However, it would be nice to see our culture embrace a “just because” day off once in a while.

  • Julie

    These comments are awesome. I will check the appropriate blanks for my paid days off tomorrow! Whoo hoo!

    When I have observed Yom Kippur in the past, it was with my grandfather, who would get free tickets to the local service by saying that he was new in the neighborhood. This was a lie he told a few years in a row. I guess, since Yom Kippur is the day of atonement, we were supposed to atone right away for that. Or maybe that lie rolled around to the next year, so that was our first sin post atonement. Not sure.

    Anyway, for me, these holidays continue to have an association with getting away with something.

  • Finn

    Joining with the crowd here: take the day off, and take the pay. You’re seriously going to listen to someone tell you “You can take the day off, but you only get paid for it if you’re Jewish,” and YOU’RE the one who feels bad about it? Consider yourself fortunate that because you’re ethnically Jewish it’s doubtful anyone will call you on it and take the day off.

    Imagine if they tried to pay the Christian teachers for the days school is closed over Christmas and other Christian holidays, but asserted that you had to be Christian in order to be paid. There’d be a firestorm.

    So, yeah, the system is ridiculous; just take advantage of it. They’ll probably change it next year anyway once they realise suddenly an overwhelming percentage of their teachers are Jewish on paid Jewish holidays…

  • Pamela

    Def. take off with pay. No religion should get preferential treatment!

  • Jen

    When I have observed Yom Kippur in the past, it was with my grandfather, who would get free tickets to the local service by saying that he was new in the neighborhood.

    Wait, you have to pay to go to Temple?

  • Richard Wade

    I can’t say what Julie should do. She’s got an ambiguous criteria for whatever it means to “be Jewish.” Some people here are saying she need only think about it one way and she’s not being dishonest if she takes the day off with pay, while others are saying she should go ahead and dishonestly take the paid holiday. Some of those offer justifications or rationalizations and some do not.

    I can only answer for myself. If it involves deceit, misrepresentation or rationalizing, I don’t do it, period. That’s just the way it is for me. I’m not saying I’m better, just different.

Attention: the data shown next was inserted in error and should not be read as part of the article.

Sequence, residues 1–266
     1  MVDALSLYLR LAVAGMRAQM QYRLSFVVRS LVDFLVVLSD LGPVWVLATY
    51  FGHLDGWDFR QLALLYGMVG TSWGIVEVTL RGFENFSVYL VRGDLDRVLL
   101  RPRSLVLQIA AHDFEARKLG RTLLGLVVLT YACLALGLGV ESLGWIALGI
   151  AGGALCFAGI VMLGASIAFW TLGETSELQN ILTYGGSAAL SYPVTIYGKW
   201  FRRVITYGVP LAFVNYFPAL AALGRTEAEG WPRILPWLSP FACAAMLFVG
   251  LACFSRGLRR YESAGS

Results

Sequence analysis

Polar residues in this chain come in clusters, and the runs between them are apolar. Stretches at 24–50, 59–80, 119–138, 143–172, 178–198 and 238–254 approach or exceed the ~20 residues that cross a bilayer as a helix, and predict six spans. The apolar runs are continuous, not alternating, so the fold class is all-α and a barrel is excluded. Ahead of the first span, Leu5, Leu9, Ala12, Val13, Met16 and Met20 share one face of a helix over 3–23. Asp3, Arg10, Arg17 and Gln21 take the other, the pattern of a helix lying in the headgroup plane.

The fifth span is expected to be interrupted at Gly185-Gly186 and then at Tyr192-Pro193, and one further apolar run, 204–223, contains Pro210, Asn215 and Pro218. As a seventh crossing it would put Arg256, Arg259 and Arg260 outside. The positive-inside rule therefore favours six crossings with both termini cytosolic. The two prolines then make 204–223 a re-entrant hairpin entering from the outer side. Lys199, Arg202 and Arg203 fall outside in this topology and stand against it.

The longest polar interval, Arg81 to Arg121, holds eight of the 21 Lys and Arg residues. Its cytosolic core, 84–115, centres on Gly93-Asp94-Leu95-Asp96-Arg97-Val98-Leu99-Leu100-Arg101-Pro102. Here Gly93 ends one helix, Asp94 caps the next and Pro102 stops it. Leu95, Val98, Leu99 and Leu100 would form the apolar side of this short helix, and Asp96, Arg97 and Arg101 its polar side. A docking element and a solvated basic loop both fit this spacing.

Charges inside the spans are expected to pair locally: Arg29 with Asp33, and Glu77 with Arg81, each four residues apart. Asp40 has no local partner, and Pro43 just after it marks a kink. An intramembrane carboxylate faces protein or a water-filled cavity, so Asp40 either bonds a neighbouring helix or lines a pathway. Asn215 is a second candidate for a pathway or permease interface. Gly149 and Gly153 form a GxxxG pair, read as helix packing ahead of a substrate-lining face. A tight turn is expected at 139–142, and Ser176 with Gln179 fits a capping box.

This school district is headed for trouble if this is an example of how they are handling such things.

  • http://gretachristina.typepad.com/ Greta Christina

    How about Option 4:

    Contact the Americans United for Separation of Church and State?

    I’m kind of serious here. Why should the only options be Work, Don’t work, but not for religious reasons, and don’t get paid; or Don’t work, for religious reasons, and get paid?

    Why should people who are taking the day off to observe a religious holiday get paid for it, while people who are taking the day off just to have a day off don’t get paid for it? Isn’t that giving preferential treatment to people of a specific religious belief?

  • dean cameron

    i’d probably take it off and feel guilty about it.

    and i’m not even jewish.

  • Vincent

    Take the day off and have your nontheistic religious observance. Enjoy the marvelous world you live on with a sense of reverence. Being an atheist and not affiliated with any religious tradition anymore, all days are basically the same so any day is open to being a holiday.
    Take it with pay and go enjoy the natural world that you are a part of.

  • http://www.otmatheist.com/ hoverFrog

    Don’t take the day off but insist on wearing an eye patch to work for the entire day.

    RAmen

  • Julie

    If it involves deceit, misrepresentation or rationalizing, I don’t do it, period.

    Richard, I hear you. In fact, what I do for my school has to do with accountability, and there are many people who do my job who fudge the details and still get away clean when audit time comes. I never do that stuff. It’s like a joke in my office that I’m so squeaky clean and never can lie.

    That’s why I hesitated over this memo, where others would probably have checked the paid holiday without a pause. I’m annoyingly honest. At least, it annoys me sometimes. The last time I did my taxes involved several sleepless nights over some scholarship money with no 1099. I finally called the IRS to see what I should do. (The IRS are nice folks, by the way–weird that they are so very professional and helpful.) Okay, in that case, I suppose it’s more fear of getting caught and hassled later. But my conscience is irritatingly vigilant. It’s almost like I do believe I’m being watched!

  • Mark N

    I’d complain – I’m surprised they’d even consider putting forward something so blatantly discriminatory – if I want a day off, it comes out of my holiday, so I’m effectively paying for it. The very idea that I could take a day off on a whim, and not have it come out of my holiday entitlement is just bonkers.

    Add to that the fact that the number of ‘free holidays’ you get is dependent on how much you believe your imagination, and I’d be outraged.